What about the secondary components of the trade? For all the griping about Boone Logan, he’s actually been pretty effective as the Yankees’ sole left-handed reliever these last two seasons, putting up 0.7 combined fWAR across just over 80 innings (yes, I know fWAR is near-worthless in assessing relievers, but I’m using it anyway). Mike Dunn threw 19.1 frames for the Braves in 2010 (1.89 ERA/3.61 FIP) and walked 8.05(!) men per nine, before hooking on with the Marlins this past season and hurling 63 innings of 3.43 ERA/4.30 FIP ball, almost halving that absurd walk rate (though it still checked in at an unsightly 4.43 per nine) but not enough to provide positive value to the team (-0.1 fWAR). I’d say the Yankees got the better end of the left-handed reliever swap as well.

Unfortunately for the Yankees, while they may not regret losing Melky or Dunn, they almost certainly regret including Vizcaino — who ranked 16th on Baseball America’s midseason Top 50 list this past season, and currently checks in as the Braves’ second-best prospect overall on both BA’s list and John Sickels‘, behind only Julio Teheran — in the deal, as Vizacaino rocketed through the Braves’ system and reached the big league club this past August, throwing 17.1 innings of 4.67 ERA/3.54 FIP ball out of the bullpen with an 8.83 K/9. Vizcaino — still just 21 years old —  is expected to compete for a rotation spot on the staff come Spring Training. While the Yankees have their share of minor league pitching talent knocking on the door, having Vizcaino — who our own Mike Axisa would have slotted as #3 in between Manny Banuelos and Dellin Betances on his  Top 30 Yankee Prospect list — in the mix for a potential rotation spot would certainly make the team’s 2012 starting rotation picture a bit less fuzzy.

Mailbag: Former Yankee Edition

Here’s a special Thursday edition of the RAB Mailbag, with three questions about former Yankees that may or may not be useful to the 2011 team. Remember to use the Submit A Tip box in the sidebar to send in any questions.

(Photo Credit: Flickr user Keith Allison via Creative Commons license)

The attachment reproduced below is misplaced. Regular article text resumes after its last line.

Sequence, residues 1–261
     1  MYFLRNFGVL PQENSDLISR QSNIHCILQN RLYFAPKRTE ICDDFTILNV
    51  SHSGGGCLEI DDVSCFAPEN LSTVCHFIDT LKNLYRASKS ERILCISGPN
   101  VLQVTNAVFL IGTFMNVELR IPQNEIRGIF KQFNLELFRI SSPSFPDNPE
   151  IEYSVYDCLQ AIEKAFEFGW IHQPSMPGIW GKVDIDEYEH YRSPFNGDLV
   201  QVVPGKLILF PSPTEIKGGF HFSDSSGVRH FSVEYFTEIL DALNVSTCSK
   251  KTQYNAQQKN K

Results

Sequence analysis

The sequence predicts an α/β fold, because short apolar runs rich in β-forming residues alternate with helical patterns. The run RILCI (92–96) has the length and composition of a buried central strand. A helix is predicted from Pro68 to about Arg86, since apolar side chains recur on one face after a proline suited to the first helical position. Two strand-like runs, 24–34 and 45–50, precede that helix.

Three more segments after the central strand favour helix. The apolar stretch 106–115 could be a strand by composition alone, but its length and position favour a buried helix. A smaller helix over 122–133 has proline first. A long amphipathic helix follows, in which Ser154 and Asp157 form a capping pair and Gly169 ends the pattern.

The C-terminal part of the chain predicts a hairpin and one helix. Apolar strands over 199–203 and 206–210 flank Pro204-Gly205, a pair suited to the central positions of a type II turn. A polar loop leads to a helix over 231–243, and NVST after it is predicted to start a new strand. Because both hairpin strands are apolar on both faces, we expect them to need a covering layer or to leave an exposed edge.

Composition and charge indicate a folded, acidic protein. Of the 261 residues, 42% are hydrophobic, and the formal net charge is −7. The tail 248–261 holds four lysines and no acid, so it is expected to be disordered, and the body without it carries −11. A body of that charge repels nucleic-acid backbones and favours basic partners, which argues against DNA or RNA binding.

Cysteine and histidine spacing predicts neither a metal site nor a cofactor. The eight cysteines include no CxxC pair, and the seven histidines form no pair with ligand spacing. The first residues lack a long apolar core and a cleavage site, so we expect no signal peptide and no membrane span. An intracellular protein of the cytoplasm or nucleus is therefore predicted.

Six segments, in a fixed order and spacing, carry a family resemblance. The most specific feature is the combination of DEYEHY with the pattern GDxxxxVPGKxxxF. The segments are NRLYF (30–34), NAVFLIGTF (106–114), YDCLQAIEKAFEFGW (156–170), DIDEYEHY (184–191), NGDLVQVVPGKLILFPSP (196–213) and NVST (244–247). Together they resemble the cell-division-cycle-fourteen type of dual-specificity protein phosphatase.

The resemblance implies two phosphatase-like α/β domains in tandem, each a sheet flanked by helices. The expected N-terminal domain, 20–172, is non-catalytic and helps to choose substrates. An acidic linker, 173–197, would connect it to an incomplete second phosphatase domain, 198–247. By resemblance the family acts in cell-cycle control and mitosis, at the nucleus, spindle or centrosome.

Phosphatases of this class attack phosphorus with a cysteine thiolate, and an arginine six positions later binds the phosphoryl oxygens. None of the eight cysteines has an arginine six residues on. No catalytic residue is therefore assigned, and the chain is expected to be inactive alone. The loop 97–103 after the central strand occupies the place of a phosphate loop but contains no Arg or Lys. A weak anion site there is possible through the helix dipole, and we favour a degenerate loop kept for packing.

Sam asks: Would you have any interest in trading for the Giambino to take over for Posada as a DH?

The Rockies just placed Jason Giambi on the disabled list with a quad strain, so he won’t be traded before the deadline. This question was sent in before then, obviously. Giambi is a prime candidate for an August waiver trade though, assuming the quad isn’t that serious and he can get back on the field within two weeks or so.

Unlike the subject of the next question, Giambi has hit all year and really hasn’t stopped hitting for any length of time in recent years. He’s got a .253/.378/.486 batting line in just about two seasons with the Rockies, and this year he’s rocking a .418 wOBA in 112 plate appearances. Giambi has been a part-time player though, mostly pinch-hitting and starting at first once or twice a week. Because he’s outperforming Jorge Posada both this year and last year (especially against RHP), he’d be a fine upgrade, though I doubt he maintains that level of performance playing every day. He might fall off to what, maybe a .360 wOBA? .375? .340? Either way, it’s an upgrade, but one they would have to wait to acquire if they wanted to at all.

Chris asks: What would it take to get Matsui? I’d rather him than a guy like Beltran. 1. Matsui is a proven clutch player unlike Beltran who was left holding the bag in 06-08 during the worst collapses ever. 2. Matsui knows and hits Red Sox pitching unlike Beltran and 3. He costs less (in terms of money and probably prospects).

This was sent in before the Carlos Beltran trade, and I’m not going to spend any time disproving the three points made. Beltran’s a better player than Hideki Matsui and always has been (as for the clutch stuff, look their numbers with RISP, Beltran destroys Matsui), and there’s very little to argue otherwise. But Beltran’s not an option now and probably never really was, so let’s move on.